The Pilgrim Rose Review | David Austin 1991
Suitable for containers5.0/10
Tolerance of shade9.0/10
Tolerance of poor soil9.0/10
Best for cuttings6.0/10
- Among the best roses for many situations (8)
- Gorgeous blooms
- High petal count (140)
- Flexible canes
- Tolerating poor soil well
- Average hardiness (zones 5 - 11)
- Not floriferous
- Medium fragrance strength
- Can become very big (12 ft height)
THE PILGRIM ROSE REVIEW | THE RIGHT ROSES
English Climbing Rose bred by David Austin
This variety has particularly beautiful blooms. The buds open to reveal many petalled cups, which gradually form large, flat rosettes. The colour is a very attractive shade of soft yellow, the petals paling prettily towards the edges. The flowers have a medium strength fragrance, which is a perfect balance of Tea and myrrh. It will quickly reach some height and still produce flowers and leaves lower down the plant. Named after the pilgrims in Chaucer’s Canterbury Tales. DavidﾠAustin, 1991.
The Right Roses: RightRoses.com
David Austin introduced The Pilgrim for the UK in 1991. He named this rose after the characters in Chaucer’s Canterbury Tales.
“The Canterbury Tales is a collection of 24 stories that runs to over 17,000 lines written in Middle English by Geoffrey Chaucer between 1387 and 1400. In 1386, Chaucer became Controller of Customs and Justice of Peace and, in 1389, Clerk of the King’s work. It was during these years that Chaucer began working on his most famous text, The Canterbury Tales. The tales (mostly written in verse, although some are in prose) are presented as part of a story-telling contest by a group of pilgrims as they travel together from London to Canterbury to visit the shrine of Saint Thomas Becket at Canterbury Cathedral. The prize for this contest is a free meal at the Tabard Inn at Southwark on their return”.
David Austin has name quite a few roses after famous religious characters and locations. For instance, Thomas à Becket, Winchester Cathedral. Therefore, rose ‘The Pilgrim’ is another one, following a consistent theme at David Austin roses.
The Pilgrim is a very gorgeous climbing rose. However, if we must compare it with other David Austin climbing roses, it may belong to the 2nd tier after some truly wonderful climbing roses such as The Generous Gardener, Claire Austin, and Wollerton Old Hall. Certainly, there is nothing wrong with that. The Pilgrim is as good as a lot of other climbing roses such as Bathsheba, Strawbery Hill, St. Swithun.
“The Pilgrim is a very gorgeous climbing rose. However, if we must compare it with other David Austin climbing roses, it may belong to the 2nd tier after some truly wonderful climbing roses such as The Generous Gardener, Claire Austin, and Wollerton Old Hall.”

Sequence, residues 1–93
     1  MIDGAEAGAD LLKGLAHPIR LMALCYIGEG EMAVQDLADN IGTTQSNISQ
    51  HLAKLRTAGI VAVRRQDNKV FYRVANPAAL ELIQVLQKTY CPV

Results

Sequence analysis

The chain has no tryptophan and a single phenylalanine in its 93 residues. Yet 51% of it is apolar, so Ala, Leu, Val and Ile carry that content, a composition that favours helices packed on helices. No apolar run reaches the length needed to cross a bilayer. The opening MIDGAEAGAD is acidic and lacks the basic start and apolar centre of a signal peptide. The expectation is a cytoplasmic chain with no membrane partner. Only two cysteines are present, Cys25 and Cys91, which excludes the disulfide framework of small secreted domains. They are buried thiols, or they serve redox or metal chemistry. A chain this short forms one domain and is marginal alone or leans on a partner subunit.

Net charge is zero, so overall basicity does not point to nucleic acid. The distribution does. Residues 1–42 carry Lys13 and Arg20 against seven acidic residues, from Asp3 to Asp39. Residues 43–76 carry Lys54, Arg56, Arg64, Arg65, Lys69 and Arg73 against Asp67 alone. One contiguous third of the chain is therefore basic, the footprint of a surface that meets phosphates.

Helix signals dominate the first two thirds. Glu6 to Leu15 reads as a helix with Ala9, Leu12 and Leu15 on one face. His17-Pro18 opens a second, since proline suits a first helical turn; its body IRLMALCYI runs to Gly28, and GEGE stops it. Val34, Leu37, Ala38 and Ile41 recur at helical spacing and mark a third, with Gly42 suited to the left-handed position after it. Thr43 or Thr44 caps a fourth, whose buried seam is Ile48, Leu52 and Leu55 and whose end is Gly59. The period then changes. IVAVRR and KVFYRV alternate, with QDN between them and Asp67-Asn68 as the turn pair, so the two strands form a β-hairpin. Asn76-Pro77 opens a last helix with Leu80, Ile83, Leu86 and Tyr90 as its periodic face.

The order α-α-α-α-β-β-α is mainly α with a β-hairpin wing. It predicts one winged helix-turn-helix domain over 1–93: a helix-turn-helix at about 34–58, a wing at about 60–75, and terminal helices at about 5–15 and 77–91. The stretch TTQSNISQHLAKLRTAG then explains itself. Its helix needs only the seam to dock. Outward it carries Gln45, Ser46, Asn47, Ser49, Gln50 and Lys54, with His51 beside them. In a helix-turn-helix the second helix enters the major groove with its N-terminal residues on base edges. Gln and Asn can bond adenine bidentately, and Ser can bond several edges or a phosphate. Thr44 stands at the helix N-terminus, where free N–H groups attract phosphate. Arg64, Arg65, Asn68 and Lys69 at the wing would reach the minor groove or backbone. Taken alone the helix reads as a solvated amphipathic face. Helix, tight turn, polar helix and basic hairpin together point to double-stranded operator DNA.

The Right Roses | RightRoses.com
The Pilgrim rose: The pros
- Best for 6ft walls and fences
- Best for 10 ft walls and fences
- Best for front of house
- Best for around a doorway
- Best for standard arch
- Best for obelisk or pillar
- Best for north walls
- Best for poor soil
The Pilgrim has six strengths.
First, The Pilgrim is among the best roses for many situations (8 to be precise). For instance, it is best for 6ft walls and fences. However, given the relatively smaller number of climbing roses David Austin has introduced to the market so far, you should treat this detail with care. As you know, as The Pilgrim has a smaller number of other alternatives to be compared with, it may find it easier to stand out.
Second, The Pilgrim produces such gorgeous and elegant blooms. To many gardeners, The Pilgrim blooms must be among the prettiest David Austin roses. And, they are not wrong at all. The Pilgrim produces such lovely and large blooms (3.5 – 5’’ or 9 – 12 cm) with a very large count of petals (140).
We would like to provide you with some details about the David Austin roses having high petal counts. Charles Darwin produce full blooms with a large number of petals (140). Probably among those with the higher number of petal counts. The Ancient Mariner blooms have 160 petals. Young Lycidas blooms have 90 petals. Roald Dalh blooms have 55 petals. As far as we are aware, Spirit of Freedom is the variety having the highest number of petals (200). Therefore, the number of petals The Pilgrim can produce is very respectable.
Third, The Pilgrim is one of the David Austin roses that can tolerate shade best. It can do fine with just about 3 – 4 hours of direct sunlight. Therefore, The Pilgrim must be the rose for many challenging locations. We believe that any gardens would look so much better with a rose. If you have a quite shady garden, you really should consider The Pilgrim.
So far, David Austin has introduced 11 varieties which do very well in shady spots: Hyde Hall, Olivia Rose Austin, Eustacia Vye, Princess Anne, England’s Rose, Kew Gardens, R. Rugosa Alba, Lichfield Angel, Charles Darwin, Lady of Shalott, and Roald Dahl.